Student Affairs

Student Affairs brings alumni, student leaders together during Homecoming


Kimberly Poole’s charge was simple. She was asked to create an environment where current student leaders could interact with alumni and tie it to Homecoming at Clemson.

Mission accomplished.

On Friday, Oct. 6, Poole and the Division of Student Affairs hosted an engagement luncheon designed to foster connection between esteemed alumni and student leaders.

“We wanted our students to hear from alumni who have been very successful and learn from them,” says Poole, assistant vice president and senior associate dean of students. Alumni came from near and far and shared stories of successes and opportunities during their Clemson days.

Shalanda Webb ’97, M ‘00 works as an OBGYN in labor and delivery in Columbia. She earned bachelor’s and master’s degrees in biochemistry from Clemson before attending medical school. She now serves on Clemson’s Board of Visitors.

Shalanda Webb

Webb encouraged attendees to find a good support system and prioritize mental health. She says both helped her succeed during her time at Clemson and beyond.

“No matter where I go now, everyone knows the Tiger Paw,” she says. “Clemson has been the best thing to ever happen to me.”

Lori Amos ’87 and Mechelle Taylor ‘97 shared stories of their involvement at Clemson. Both were members of Alpha Kappa Alpha Sorority, Inc. Amos was runner-up to Miss Clemson and has gone on to a successful career in engineering. Taylor served on the housing judicial board and has worked in the banking industry for more than 20 years. Taylor encouraged students to “think outside the box” when looking for employment opportunities after Clemson.

Janay Crosland ’18 and Crystal Pee ’18 were the youngest alumni in attendance. Crosland has lived in Texas, Louisiana and North Carolina since graduating from Clemson. While in Tigertown, she was the first African-American female to be named attorney general for student government. She also was a member of Alpha Kappa Alpha and served as a resident assistant at Clemson House in one of its last years as a campus housing option.

“The network I created at Clemson still works for me by leaps and bounds,” Crosland says. “I encouraged the students to gain that community you can truly depend on personally and professionally as you navigate the ups and downs of life.”

Pee was a member of Delta Sigma Theta Sorority, Inc. and has already given back to her alma mater. Recently, she pledged a gift to establish the Major and Mazie Booth Diversity Scholarship Endowment in memory of her grandparents. While working as a consultant, Pee is also pursuing a Ph.D. at Virginia Tech.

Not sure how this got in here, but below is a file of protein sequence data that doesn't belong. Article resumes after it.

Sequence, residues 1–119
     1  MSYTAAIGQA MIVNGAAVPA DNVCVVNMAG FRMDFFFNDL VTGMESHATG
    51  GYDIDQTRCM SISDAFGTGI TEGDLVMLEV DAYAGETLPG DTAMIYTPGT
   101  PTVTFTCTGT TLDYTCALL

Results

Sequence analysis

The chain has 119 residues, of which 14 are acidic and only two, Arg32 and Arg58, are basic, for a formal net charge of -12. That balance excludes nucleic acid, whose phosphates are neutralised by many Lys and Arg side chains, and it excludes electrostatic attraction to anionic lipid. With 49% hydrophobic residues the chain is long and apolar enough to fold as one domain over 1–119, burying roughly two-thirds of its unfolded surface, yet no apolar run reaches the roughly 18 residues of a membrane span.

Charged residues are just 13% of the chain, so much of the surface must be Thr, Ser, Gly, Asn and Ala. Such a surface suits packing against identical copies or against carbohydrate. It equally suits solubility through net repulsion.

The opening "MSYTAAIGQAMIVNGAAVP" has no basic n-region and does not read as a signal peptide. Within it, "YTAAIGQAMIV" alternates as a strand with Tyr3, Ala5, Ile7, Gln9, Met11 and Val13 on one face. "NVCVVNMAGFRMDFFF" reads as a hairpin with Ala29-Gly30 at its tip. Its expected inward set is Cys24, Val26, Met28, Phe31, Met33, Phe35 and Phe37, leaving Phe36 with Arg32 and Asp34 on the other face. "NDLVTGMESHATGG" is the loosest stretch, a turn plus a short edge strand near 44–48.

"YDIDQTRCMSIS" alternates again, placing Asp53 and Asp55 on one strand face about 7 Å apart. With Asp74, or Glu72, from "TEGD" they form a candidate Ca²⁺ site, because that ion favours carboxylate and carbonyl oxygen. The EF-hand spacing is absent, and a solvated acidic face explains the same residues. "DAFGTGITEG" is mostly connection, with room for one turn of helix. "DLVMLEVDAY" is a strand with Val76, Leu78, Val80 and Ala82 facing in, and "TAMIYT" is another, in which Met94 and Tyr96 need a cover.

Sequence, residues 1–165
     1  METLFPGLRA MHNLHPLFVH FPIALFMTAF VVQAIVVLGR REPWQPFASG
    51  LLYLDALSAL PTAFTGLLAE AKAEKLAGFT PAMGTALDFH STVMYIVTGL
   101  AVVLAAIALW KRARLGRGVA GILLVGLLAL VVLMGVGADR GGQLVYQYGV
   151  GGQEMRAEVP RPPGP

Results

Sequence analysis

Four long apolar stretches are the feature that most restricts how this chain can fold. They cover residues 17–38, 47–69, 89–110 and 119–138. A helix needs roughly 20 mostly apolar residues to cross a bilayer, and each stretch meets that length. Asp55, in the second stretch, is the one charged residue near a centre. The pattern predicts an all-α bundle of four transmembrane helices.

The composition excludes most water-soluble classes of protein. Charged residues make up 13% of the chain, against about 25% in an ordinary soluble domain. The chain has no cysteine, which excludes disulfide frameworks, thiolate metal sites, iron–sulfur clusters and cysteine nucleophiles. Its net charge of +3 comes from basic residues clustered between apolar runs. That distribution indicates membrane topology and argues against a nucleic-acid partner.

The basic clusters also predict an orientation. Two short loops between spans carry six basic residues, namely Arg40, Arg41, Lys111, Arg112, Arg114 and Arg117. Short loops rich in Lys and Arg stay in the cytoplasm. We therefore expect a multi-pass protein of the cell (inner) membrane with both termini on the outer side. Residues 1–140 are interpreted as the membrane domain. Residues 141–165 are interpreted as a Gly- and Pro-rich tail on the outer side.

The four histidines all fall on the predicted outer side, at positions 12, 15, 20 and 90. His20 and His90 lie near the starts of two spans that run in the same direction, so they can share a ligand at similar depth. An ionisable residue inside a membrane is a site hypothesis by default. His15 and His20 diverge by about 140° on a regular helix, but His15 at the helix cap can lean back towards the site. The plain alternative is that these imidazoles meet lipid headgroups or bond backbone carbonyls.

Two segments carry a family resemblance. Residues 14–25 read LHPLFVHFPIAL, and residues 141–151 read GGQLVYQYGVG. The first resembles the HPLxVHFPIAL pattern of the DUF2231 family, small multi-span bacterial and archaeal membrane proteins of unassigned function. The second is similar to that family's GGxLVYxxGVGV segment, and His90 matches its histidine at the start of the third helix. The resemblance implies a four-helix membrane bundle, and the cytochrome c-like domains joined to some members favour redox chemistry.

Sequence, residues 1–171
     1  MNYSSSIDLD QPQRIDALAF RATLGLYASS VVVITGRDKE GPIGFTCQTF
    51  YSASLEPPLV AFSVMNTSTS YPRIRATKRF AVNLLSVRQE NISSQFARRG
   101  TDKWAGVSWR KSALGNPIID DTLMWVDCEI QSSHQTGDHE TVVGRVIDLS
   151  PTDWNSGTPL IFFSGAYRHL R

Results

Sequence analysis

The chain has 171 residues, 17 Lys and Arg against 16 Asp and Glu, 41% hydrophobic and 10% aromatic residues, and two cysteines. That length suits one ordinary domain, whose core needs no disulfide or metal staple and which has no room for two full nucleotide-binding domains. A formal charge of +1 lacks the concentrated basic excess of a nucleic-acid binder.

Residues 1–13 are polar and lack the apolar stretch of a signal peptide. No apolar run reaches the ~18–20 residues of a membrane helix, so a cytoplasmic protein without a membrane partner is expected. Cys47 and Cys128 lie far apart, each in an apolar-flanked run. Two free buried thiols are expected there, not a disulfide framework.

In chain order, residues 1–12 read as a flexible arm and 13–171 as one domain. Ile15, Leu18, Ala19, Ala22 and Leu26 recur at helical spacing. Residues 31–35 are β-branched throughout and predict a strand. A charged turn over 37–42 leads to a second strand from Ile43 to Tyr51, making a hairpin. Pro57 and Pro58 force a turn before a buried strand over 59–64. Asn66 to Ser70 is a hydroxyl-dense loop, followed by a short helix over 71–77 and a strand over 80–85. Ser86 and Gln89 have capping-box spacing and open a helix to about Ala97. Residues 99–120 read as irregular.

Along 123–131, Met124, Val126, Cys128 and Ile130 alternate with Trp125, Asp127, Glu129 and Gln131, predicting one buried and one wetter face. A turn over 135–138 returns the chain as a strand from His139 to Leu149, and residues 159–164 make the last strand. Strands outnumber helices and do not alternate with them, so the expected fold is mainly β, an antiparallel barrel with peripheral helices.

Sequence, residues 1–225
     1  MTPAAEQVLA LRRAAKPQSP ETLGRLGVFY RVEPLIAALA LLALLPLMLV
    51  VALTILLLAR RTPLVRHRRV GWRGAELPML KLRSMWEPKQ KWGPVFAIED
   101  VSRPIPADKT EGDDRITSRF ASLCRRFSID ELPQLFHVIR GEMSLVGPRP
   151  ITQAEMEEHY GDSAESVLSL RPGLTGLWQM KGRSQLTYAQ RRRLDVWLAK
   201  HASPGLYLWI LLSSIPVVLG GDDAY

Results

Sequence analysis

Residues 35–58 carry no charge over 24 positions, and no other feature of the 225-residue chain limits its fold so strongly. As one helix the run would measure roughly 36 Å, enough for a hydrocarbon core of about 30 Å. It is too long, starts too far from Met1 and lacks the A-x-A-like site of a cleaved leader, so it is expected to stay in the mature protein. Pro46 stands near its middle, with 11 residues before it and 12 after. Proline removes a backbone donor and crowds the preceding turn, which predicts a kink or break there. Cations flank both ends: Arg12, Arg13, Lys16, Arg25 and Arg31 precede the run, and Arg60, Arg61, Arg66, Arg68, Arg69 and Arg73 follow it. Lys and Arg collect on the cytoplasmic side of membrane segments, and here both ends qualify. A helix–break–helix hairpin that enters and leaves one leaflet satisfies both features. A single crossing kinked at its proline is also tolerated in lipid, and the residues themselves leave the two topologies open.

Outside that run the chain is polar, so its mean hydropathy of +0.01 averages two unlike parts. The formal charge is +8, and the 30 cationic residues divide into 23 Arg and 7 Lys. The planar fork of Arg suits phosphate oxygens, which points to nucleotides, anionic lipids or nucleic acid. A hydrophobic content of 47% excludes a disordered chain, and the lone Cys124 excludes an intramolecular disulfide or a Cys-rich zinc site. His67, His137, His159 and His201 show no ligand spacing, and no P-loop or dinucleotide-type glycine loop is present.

Current Student Body President Ashley McCollum attended the luncheon and shared insights with the group. She came to Clemson by way of Spartanburg and immersed herself in the student experience. She joined the Student Alumni Council, sang in the gospel choir and was an Orientation Ambassador — among many opportunities. In addition to her presidential duties, she continues to serve as a University tour guide.

Imari Crumity and Janay Crosland

“I felt like there was a big purpose ahead of me at Clemson,” says McCollum, who was initially hesitant to follow in her sister’s footsteps as a Tiger. “When I got here, I became very involved. Now I try and advocate for those who don’t know how to use their voice. I’m humbled to be in the position I’m in.”

Like McCollum, other attendees represented a wide range of underrepresented student organizations. Among them were Joi Albert, a financial management major, and Bayle Carey, an aspiring anesthesiologist. Both have been actively involved in CONNECTIONS. Ashanti Elliott serves as the president of the National Pan-Hellenic Council, while Sarina Ranjit is vice president of marketing and recruitment with Sigma Lambda Gamma of the Multicultural Greek Council.

Imari Crumity is a sociology major from Jesup, Georgia and is the founding president of Kappa Alpha Pi, a pre-law fraternity. She was thankful for the alumni who gave of their time and talents during the luncheon.

“It’s very inspiring to see so many women of color who have graduated from Clemson and are giving back to their University,” she says. “I thank Dr. Poole and all of the women I was able to meet for this wonderful opportunity.”